Obsessive compulsive disorder or OCD, is an anxiety disorder that traps children in cycles of repetitive thoughts (obsessions) and behaviors (compulsions).
These obsessions are not your ordinary worries. They consume your child’s daily schedule and can cause distress.
Compulsions are rituals children do to get rid of the obsessions. For example, a young child may have thoughts that someone will break into his house and be consumed with rituals of checking the doors, whereas an older child may fear that he will be contaminated with germs and constantly wash his hands.
OCD may vary with age and usually has a genetic component to it. If parents have OCD, they are more likely to pass it on to their child. Also, stress can worsen the symptoms of OCD. The more stressed children are with school or if a traumatic event happened, the more likely their obsessions will increase.
I once had a child (age 10) who had the obsessive thought that something bad would happen to himself and his family. He feared and kept obsessing that someone would break into his house and kidnap him and kill his family while they were sleeping.
The child lived on the second floor and his parents had a home security system in place. The child would have the compulsion to constantly check the door and windows to make sure they were locked and lost many hours of sleep obsessing that someone would find a way to break into his house.
Techniques to Try
As I worked with the child and his parents, I used the following techniques to help ease his OCD symptoms:
1. Explain what OCD is: It is important to explain to the child what OCD is and how it grows. You can tell the child that OCD is anxiety or worry that grows just like any fruit or vegetable. They grow because you pay attention to the fruit or vegetable. You plant a seed, you water it and a green shoot appears. If you keep watering it the shoot will turn into a stalk and many fruits or vegetables will appear. Many children pay attention to their obsessions and eventually their obsessions and compulsions will grow just like the small seed.
2. Tell the child to put their worries into words: Tell the child to think about what is really true as opposed to what they are afraid might happen. Reminding the child that if a bad thing happens they can get through it or they can make a plan to help them feel calmer and less worried. For example, the child may be afraid of someone breaking into his house. You can help by asking the child to challenge his thoughts. For example, you can ask the child: “What makes you think that someone will break into the house?” Did someone break into the house last night or the night before? they think that the alarm will not go off? You can also have him test the alarm so he can see and hear that it works and that if someone breaks into the house, the alarm will go off.
3. Create a Worry Time: It is a good idea to spend less time on obsessions. If you do not spend time on them, they will eventually go away. Create a Worry Time with the child. During this time, you will sit with the child for about 15-20 minutes talking about whatever he or she is worried or obsessing about. This time should not be interrupted; instead it is a time where you will offer help and just listen. You can tell the child that if he has a worry to lock it up in their imaginary worry box, walk away and get distracted with something else. The worry that he’s locked up will only be opened during worry time. If he distracts himself, the worry will lessen. The point for a worry box is to help children learn not to pay attention to their worries all the time because the worries will grow. By the time they reach “Worry Time,” their worries won’t be big problems anymore.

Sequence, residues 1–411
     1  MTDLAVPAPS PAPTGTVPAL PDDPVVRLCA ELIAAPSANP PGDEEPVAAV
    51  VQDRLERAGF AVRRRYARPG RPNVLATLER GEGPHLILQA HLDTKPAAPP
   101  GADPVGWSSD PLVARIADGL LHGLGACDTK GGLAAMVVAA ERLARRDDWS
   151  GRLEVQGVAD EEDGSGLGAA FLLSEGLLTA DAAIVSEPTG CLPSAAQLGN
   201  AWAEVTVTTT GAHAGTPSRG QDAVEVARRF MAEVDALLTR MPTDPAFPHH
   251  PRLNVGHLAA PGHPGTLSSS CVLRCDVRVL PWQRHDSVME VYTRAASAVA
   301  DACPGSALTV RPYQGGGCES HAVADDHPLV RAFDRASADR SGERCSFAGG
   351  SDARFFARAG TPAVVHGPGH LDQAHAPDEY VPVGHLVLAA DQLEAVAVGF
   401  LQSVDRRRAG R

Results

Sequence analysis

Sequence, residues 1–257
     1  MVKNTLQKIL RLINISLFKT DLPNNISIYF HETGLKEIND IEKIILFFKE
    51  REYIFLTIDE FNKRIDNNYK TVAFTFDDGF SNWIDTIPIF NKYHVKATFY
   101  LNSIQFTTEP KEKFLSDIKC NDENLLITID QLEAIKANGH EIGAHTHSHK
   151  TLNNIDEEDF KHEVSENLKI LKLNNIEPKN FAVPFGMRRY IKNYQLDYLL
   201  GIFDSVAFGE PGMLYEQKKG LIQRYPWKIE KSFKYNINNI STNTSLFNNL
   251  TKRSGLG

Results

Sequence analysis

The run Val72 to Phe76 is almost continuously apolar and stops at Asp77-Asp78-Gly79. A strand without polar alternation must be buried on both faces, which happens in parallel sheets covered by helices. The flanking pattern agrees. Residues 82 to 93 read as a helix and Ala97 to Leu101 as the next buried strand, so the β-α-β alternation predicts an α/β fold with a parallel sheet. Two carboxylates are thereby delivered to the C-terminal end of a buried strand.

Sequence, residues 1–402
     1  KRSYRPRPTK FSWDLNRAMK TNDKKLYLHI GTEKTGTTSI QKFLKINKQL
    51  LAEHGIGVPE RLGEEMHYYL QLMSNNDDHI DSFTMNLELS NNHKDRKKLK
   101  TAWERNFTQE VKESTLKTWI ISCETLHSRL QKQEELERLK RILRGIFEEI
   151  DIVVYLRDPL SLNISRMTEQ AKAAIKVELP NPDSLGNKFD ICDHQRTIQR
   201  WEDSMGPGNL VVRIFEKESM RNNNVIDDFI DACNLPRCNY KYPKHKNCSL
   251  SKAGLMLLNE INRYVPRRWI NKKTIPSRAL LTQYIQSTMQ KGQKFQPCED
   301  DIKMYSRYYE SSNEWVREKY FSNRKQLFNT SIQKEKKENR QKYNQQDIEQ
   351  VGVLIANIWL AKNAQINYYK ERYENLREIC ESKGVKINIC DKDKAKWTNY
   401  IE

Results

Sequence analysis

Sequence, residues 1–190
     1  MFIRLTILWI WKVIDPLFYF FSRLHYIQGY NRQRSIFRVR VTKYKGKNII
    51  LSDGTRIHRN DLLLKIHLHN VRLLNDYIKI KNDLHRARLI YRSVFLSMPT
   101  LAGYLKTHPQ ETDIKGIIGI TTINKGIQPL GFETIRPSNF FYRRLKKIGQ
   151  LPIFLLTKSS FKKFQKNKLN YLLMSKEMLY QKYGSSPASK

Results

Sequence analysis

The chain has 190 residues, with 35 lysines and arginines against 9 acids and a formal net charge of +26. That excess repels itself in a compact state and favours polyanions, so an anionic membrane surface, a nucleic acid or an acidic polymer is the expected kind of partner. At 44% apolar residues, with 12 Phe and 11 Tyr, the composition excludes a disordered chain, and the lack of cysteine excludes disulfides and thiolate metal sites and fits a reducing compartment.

4. Talk Back (to obsessions) and expose (the compulsions): Teach the child to talk back to their obsessions and then to distract themselves by playing. Tell the child that if the obsession continues to talk to him, to do something else and not pay attention to the obsession. Expose the child to some relaxation techniques (listed below) so they can have a toolbox of skills ready. If the child is obsessing over germs and constantly cleans his hands, gradually expose the child to situations without having him wash his hands. For example, have the child touch a doorknob without cleaning his hands. The more times he does this act, the less compelled he will feel to wash his hands and the obsessions will also subside. Continue to gradually expose him to situations that he obsesses over. Cognitive behavior therapy is usually the best form of treatment, however some severe cases of OCD may also require medication.
5. Teach him to challenge the obsessions by talking back and looking for the reality behind the obsessions. Tell him to imagine that the obsessions are like bullies. The child can tell the obsession bully “Leave me alone,” “Go away,” “You are not real,” “You are bugging me,” “I’m not going to listen to you,” or “I don’t believe you.”
6. Relaxation: Teach the child relaxation techniques. Have the child get involved with an activity that is fun, teach him to breathe slowly in through the nose and out through the mouth and try some progressive relaxation techniques. Of course, you need to make the techniques child appropriate. Also, you can him them to use visualization or to think of a memory that he likes and that makes him feel good. I like using this visualization: Imagine that you are a baseball player and every ball that is thrown represents a worry. Each worry that is pitched to you, you hit the ball out of the ballpark.
These are some of the techniques I used with this particular client, however all children and situations are different. It is important for parents to also seek help from a professional who will implement the best form of treatment to a child with OCD.